7.a.7. Do you think that increased awareness of violence against women and girls has resulted in any changes in the behavior of others (family members, community members including neighbors, police, military, others)? For example, has there been a reduction of violence, improved healthcare access, or increased prosecution of cases as the result of the awareness-raising?

7.a.8. How did your participation in this program assist you and your family you’re your needs (safety, health, protection)?

7.a.9. What other things do you think have changed as the result of more awareness about violence against women and girls?

7.a.10. What would you suggest to improve awareness campaigns about violence against women and girls in the future?

7.a. 11. How do you think GBV awareness campaigns have influenced men and boys? Please explain.

External Actors

7.a. 1. What outcomes do you think PRM funded GBV awareness campaigns have achieved? (increased safety, reduced violence, improved healthcare for survivors, etc.?)

7.a.12. Do you think the program is likely to continue after funding has ended? If yes, how will the program supported?

Evaluation Question 9: What were the short and long-term outcomes of PRM-funded GBV prevention programs?

PRM, UNHCR and NGO Implementers

9.a.1.Are there program outcomes that you consider to be short-term versus long-term?

-If so, please explain.

Evaluation Directive 2: Appropriate Indicators for Measuring the Effectiveness for GBV Prevention Interventions in Refugee Settings – findings, best practices, and lessons learned

Evaluation Question 4a: Are the indicators produced by the humanitarian community for GBV programming appropriate for measuring the outcomes of PRM-funded GBV prevention programs?

PRM & UNHCR

4.a.1. Did you provide grantees with any guidance on how to develop their indicators?

4.a.2. Do you think that indicators used by the grantees are reliable and appropriate performance measures?

4.a.3. Are there other indicators you would like your grantees to use? If yes, which ones?

4.a.4. Are there international indicators for GBV prevention that would be useful for your grantees?

4.a.5. Which of your grantees’ indicators are most informative about their projects’ progress?

4.a.6. Which of your grantees’ indicators are least informative about their projects’ progress?

NGO Implementers

4.a.2.Do you think that the indicators you use are reliable and appropriate measures of project progress?

4.a.4. Are there international indicators for GBV prevention that would be useful for you to use?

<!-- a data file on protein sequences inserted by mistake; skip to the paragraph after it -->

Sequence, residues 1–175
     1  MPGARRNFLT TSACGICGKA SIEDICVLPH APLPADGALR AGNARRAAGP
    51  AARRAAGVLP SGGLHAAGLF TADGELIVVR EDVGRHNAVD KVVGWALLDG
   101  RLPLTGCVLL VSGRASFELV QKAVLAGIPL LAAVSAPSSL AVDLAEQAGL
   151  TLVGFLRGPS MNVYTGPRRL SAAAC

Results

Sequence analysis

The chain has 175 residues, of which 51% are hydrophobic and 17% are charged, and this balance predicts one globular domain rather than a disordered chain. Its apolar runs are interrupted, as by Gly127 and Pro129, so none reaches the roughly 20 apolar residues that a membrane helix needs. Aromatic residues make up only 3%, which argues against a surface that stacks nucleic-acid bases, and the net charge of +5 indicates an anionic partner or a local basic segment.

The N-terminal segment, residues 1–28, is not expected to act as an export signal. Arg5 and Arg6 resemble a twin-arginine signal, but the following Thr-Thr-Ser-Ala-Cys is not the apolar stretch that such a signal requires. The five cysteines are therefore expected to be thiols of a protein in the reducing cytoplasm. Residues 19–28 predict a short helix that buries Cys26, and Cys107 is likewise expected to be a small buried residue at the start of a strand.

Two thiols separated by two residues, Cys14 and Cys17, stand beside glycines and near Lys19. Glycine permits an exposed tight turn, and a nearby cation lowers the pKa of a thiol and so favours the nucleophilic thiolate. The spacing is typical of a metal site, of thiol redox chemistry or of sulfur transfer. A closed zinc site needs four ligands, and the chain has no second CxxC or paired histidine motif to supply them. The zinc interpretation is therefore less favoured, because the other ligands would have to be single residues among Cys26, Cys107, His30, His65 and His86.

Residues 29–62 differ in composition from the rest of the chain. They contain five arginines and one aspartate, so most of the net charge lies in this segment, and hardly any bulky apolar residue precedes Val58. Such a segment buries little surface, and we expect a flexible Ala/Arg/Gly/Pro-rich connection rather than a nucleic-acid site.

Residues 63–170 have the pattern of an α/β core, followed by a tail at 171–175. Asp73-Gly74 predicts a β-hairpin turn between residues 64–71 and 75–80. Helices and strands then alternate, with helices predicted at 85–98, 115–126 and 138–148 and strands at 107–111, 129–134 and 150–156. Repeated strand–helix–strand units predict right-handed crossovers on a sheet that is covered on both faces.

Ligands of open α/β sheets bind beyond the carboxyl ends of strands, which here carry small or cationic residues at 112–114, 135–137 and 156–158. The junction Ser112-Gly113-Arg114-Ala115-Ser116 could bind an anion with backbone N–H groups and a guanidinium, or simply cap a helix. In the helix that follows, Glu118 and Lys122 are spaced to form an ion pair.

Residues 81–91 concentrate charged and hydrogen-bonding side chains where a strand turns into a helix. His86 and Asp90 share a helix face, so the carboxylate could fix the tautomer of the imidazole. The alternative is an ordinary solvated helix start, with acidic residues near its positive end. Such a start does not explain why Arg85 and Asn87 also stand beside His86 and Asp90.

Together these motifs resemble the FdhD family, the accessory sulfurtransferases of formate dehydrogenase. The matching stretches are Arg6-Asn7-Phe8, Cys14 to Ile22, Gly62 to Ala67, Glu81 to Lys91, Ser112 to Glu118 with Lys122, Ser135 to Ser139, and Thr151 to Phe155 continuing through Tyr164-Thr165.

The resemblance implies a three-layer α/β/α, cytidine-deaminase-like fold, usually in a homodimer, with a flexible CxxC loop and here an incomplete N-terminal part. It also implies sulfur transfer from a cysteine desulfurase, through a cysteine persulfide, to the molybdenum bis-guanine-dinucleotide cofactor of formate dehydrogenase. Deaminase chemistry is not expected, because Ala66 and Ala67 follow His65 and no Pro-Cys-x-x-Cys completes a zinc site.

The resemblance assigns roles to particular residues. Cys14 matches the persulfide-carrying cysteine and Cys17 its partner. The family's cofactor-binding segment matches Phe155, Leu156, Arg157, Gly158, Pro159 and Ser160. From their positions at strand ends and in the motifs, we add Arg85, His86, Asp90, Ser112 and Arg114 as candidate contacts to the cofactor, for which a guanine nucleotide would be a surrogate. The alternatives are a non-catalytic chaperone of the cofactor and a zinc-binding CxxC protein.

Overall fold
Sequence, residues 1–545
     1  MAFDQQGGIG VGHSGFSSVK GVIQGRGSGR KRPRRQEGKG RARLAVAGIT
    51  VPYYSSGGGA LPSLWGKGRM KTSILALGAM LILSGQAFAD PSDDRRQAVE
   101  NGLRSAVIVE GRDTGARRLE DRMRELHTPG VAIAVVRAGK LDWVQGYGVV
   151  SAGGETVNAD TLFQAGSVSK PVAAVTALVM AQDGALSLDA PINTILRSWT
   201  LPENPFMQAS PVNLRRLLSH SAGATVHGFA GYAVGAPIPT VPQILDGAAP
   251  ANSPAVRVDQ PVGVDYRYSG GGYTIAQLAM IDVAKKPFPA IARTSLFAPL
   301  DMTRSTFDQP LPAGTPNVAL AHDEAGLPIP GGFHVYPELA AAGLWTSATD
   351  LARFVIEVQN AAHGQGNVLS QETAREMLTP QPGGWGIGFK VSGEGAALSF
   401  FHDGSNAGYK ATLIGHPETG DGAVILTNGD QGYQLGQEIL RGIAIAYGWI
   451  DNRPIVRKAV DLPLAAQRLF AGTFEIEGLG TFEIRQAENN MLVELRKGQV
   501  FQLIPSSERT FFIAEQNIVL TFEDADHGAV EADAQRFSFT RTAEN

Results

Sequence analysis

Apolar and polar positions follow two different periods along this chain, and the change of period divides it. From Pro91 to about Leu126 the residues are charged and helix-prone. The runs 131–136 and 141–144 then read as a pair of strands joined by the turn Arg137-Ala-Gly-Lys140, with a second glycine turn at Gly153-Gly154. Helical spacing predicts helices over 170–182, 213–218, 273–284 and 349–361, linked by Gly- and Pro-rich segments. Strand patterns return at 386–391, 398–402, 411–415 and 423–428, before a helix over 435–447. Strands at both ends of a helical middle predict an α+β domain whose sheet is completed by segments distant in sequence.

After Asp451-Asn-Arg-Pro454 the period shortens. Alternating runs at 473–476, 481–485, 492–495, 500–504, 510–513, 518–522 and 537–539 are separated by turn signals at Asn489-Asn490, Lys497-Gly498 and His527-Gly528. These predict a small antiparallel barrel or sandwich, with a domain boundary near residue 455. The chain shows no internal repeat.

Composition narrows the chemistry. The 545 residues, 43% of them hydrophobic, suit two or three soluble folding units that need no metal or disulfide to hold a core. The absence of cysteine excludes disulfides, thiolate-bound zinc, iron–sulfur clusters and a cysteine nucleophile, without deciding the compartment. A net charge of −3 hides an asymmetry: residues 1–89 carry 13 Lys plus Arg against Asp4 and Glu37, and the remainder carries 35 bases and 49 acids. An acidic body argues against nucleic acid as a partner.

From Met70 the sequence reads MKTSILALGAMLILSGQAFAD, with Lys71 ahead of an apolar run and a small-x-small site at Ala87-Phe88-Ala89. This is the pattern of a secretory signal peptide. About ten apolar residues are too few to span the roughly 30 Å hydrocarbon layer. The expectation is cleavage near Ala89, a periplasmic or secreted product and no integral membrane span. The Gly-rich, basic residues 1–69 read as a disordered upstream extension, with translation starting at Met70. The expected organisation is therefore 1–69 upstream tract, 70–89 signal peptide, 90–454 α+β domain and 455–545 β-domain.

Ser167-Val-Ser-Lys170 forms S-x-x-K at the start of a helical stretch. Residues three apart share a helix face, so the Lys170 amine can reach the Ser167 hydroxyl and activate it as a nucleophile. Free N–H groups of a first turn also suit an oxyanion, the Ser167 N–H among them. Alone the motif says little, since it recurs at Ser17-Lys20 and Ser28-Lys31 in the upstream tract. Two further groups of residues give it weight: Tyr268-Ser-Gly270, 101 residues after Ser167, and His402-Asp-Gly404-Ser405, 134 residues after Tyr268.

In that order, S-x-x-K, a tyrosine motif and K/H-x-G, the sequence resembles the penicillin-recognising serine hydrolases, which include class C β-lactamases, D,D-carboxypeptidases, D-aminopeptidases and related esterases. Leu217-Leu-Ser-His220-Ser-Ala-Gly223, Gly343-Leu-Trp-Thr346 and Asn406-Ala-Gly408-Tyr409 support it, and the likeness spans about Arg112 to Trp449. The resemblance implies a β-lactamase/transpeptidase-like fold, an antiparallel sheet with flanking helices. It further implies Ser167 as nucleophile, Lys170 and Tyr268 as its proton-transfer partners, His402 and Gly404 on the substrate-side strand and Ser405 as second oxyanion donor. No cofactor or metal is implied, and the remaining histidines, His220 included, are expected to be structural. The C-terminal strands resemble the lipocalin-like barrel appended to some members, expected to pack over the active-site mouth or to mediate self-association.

4.a.5. Which of your indicators are most informative about the projects’ progress? Please explain why.

4.a.6. Which of your indicators are least informative about the projects’ progress? Please explain why.

4.a.7. How did you decide which indicators to use?

4.a.8. Did you consult any international documents/guidelines/standards when developing the indicators?

4.a.9. Did you receive any guidance on indicators or how to measure the effectiveness of the program?

4.a.10. Can you provide specific examples (reduction of violence, healthcare access, prosecution, protection) of indicators that have improved as a result of the GBV programs?

Beneficiaries

4.a.11. In your opinion, what has improved in your community because of the GBV programs? Can you give specific examples (reduction of violence, healthcare access, prosecution, protection)?

Partner Organizations & External Actors

4.a.4. Which international indicators for GBV prevention do you feel are most useful?

4.a.10. Can you provide specific examples (reduction of violence, healthcare access, prosecution, protection) of indicators that have improved as a result of the GBV programs?

Evaluation Question 4b: Are the indicators in the project proposal specific, measurable, achievable, realistic, and time-bound (SMART)?
(S) Specific –Does it cover one rather than multiple activities?
(M) Measurable—Can it be quantified? Can it be counted in some way? (A) Appropriate— Is the objective important to the work we are doing?
(R) Realistic—Can the objective be achieved with the resources avail- able?
(T) Time-bound—Does the objective give a time frame by which the objective will be achieved?

PRM, UNHCR and NGO Implementers

4.b.1. Are you familiar with what a SMART indicator is?

4.b.2. Please explain whether you think your project indicators are specific, measurable, achievable, realistic, and time-bound. Please provide specific examples.

4.b.3. If you do not think that program indicators are SMART, how could you change/improve them to ensure that they meet these criteria?